111

How could I refresh my context? I have entities based on views from my Database and when I made an update over one table Entity that has navigation properties to views, the entity is update but the view don't refresh accord the new updates...just want to get again from the Db the data. Thanks!

97

The best way to refresh entities in your context is to dispose your context and create a new one.

If you really need to refresh some entity and you are using Code First approach with DbContext class, you can use

    public static void ReloadEntity<TEntity>(
        this DbContext context, 
        TEntity entity)
        where TEntity : class
    {
        context.Entry(entity).Reload();
    }

To reload collection navigation properties, you can use

    public static void ReloadNavigationProperty<TEntity, TElement>(
        this DbContext context, 
        TEntity entity, 
        Expression<Func<TEntity, ICollection<TElement>>> navigationProperty)
        where TEntity : class
        where TElement : class
    {
        context.Entry(entity).Collection<TElement>(navigationProperty).Query();
    }

Reference: https://msdn.microsoft.com/en-us/library/system.data.entity.infrastructure.dbentityentry.reload(v=vs.113).aspx#M:System.Data.Entity.Infrastructure.DbEntityEntry.Reload

5
  • 4
    I can't get this to work to reload child navigation properties.
    – Paul
    Feb 21 '17 at 13:17
  • @David you can use context.ReloadNavigationProperty(parent, p => p.Children); if you have class Parent { ICollection<Child> Children; }
    – Jinjinov
    Aug 29 '19 at 13:33
  • In EF Core you can use Query().Load() so for example context.Entry(order).Collection(o => o.NavigationProperty).Query().Load();
    – Rubenisme
    Feb 6 '20 at 17:18
  • 1
    I do not understand why this solution is voted so highly. context.Entry(entity).Collection<TElement>(navigationProperty).Query() does not reload the child collection. It only gives you an Iqueryable representing the query used to get the collection. It literally does nothing.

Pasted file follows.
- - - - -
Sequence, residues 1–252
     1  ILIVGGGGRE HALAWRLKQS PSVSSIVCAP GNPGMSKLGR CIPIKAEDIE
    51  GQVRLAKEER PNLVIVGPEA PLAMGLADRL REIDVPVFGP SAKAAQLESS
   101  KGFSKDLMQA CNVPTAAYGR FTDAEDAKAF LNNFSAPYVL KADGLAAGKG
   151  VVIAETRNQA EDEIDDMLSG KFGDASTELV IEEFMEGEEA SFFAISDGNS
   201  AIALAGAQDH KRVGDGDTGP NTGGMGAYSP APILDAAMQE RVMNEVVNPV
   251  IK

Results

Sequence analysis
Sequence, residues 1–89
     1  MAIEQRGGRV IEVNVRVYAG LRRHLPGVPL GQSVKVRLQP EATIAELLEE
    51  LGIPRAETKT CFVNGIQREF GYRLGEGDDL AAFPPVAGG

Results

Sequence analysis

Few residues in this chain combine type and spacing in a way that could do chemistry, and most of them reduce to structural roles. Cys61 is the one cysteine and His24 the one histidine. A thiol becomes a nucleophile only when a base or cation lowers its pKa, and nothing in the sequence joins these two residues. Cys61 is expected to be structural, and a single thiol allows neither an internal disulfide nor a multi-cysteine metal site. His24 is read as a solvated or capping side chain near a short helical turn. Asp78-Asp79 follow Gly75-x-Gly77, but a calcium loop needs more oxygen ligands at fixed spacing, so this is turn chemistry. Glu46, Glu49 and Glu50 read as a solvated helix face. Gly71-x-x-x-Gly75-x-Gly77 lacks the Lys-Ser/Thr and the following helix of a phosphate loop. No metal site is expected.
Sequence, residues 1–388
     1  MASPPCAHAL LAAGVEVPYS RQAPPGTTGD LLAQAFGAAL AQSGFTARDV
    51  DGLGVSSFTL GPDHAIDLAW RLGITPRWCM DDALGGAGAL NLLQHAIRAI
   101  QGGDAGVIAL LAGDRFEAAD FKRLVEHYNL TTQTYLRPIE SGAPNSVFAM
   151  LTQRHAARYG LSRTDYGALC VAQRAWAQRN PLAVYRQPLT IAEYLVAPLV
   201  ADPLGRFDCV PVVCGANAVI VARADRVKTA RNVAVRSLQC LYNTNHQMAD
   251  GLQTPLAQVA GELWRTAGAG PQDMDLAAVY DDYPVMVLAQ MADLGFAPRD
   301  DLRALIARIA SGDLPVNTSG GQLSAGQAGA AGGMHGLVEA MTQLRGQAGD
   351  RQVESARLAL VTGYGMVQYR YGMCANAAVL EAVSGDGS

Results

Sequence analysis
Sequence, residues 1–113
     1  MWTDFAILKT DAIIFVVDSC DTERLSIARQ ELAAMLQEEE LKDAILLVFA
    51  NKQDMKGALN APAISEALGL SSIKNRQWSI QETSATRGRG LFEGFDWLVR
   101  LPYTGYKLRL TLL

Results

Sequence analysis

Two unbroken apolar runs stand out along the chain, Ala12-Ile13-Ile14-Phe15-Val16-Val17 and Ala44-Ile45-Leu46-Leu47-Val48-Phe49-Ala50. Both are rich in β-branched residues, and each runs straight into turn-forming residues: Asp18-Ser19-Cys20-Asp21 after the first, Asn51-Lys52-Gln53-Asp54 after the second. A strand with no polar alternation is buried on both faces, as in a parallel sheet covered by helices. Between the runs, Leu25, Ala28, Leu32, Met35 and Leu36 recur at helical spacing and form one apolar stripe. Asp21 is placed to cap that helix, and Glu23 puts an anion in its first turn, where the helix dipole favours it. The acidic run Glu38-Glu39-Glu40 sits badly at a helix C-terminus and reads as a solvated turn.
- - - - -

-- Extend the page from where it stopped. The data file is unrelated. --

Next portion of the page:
– statler
    Jul 17 '20 at 5:07
  • Please explain why disposing the context and creating a new one should be preferred over Reload?
    – BornToCode
    May 16 '21 at 9:43
80
yourContext.Entry(yourEntity).Reload();
3
  • 5
    Thanks for the easy solution. I don't see the necessity in encapsulate this in a extension method like RX_DID_RX did
    – Thomas
    Dec 4 '15 at 12:26
  • This was a lifesaver for me. Thank you!
    – Kevin
    Apr 9 '16 at 18:49
  • 24
    Note that this does not reload collection navigation properties, only the entity entry itself. Sep 21 '16 at 22:41
35

If you want to reload specific entities, with the DbContextApi, RX_DID_RX already gave you the answer.

If you want to reload / refresh all the entities you loaded:

If you are using Entity Framework 4.1+ (EF5, or EF 6 probably), DbContext API:

public void RefreshAll()
{
     foreach (var entity in ctx.ChangeTracker.Entries())
     {
           entity.Reload();
     }
}

If you are using entityFramework 4 (ObjectContext API):

public void RefreshAll()
{
     // Get all objects in statemanager with entityKey
     // (context.Refresh will throw an exception otherwise)
     var refreshableObjects = (from entry in context.ObjectStateManager.GetObjectStateEntries(EntityState.Deleted
                                               | EntityState.Modified
                                               | EntityState.Unchanged)
                                      where entry.EntityKey != null
                                      select entry.Entity);